Solar photovoltaic (PV) systems use solar cells, linked together in 'modules' (solar panels), to convert light into electricity. They range from a few small cells that can run a calculator to huge solar power stations with thousands of solar panels.
More than 90 per cent of PV systems are based on silicon materials. PV systems that are connected to the electricity grid include a device called an inverter to turn the direct current (DC) power generated by solar panels to the alternating current (AC) power used on the grid.
Off-grid PV systems may also include an inverter but also require batteries to store surplus energy, and an electronic charge controller to prevent the batteries from overcharging.
At present, solar-thermal systems are about 30 per cent efficient at turning heat into electricity — compared with approximately 15 per cent efficiency for PV systems. But, in the long run, the development of newer materials for PV systems, such as polymers and nanoparticles, should increase their efficiency.
Neither solar-thermal nor PV are new technologies, but they are not widely used to generate electricity because, compared with carbon-based energy supplies, they remain relatively expensive.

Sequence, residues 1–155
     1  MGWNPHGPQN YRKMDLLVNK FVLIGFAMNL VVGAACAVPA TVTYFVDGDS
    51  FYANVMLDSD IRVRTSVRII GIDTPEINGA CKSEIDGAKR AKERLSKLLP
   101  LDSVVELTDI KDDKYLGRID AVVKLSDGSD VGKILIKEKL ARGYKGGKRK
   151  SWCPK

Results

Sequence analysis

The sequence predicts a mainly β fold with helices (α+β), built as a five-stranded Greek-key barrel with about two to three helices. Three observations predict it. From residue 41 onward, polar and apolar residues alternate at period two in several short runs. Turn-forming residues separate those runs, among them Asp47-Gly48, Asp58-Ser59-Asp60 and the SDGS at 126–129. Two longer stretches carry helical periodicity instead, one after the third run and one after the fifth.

The International Energy Agency calculates that, in 2007, solar PV and solar-thermal contributed less than 0.2 per cent of gross global electricity production. 
Yet with rising fossil fuel costs, growing concern about supplies — some analysts suggest we could run out of oil as early as 2025 — and increased awareness of fossil fuels' role in climate change, market conditions will increasingly favour solar power. Government subsidies may also help encourage the growth in solar power.
Certainly, interest in solar power has skyrocketed in the past five years. Total new financial investment in solar was US$33.5 billion in 2008 — a 172 per cent increase on the US$0.6 billion invested in 2004.  There has been an equally impressive growth in solar PV capacity, which grew sixfold between 2004 and 2008 to reach more than 16GWh (see Figure 2). 
Figure 2: Global capacity in solar PV from 1995–2008. Source: Renewable Energy Policy Network for the 21st Century 
Interest should rise further as technologies improve, production scales up and costs fall. The holy grail of solar power economics is to reach grid parity — where the unsubsidised cost of solar power is equal to, or cheaper than, the cost of conventional grid electricity.
Analysis by management consulting firm McKinsey & Company forecasts that 'by 2020 at least ten regions with strong sunlight will have reached grid parity'.  But these will almost certainly be within developed countries such as Italy, Japan, Spain and the United States.
And for developing countries, even once grid-parity is reached, off-grid solutions will still be required to deliver power to remote communities.
While the cost of large grid-connected solar systems will fall as solar panel prices drop, smaller off-grid systems are unlikely to see similar cost savings, partly because the price of batteries will remain high.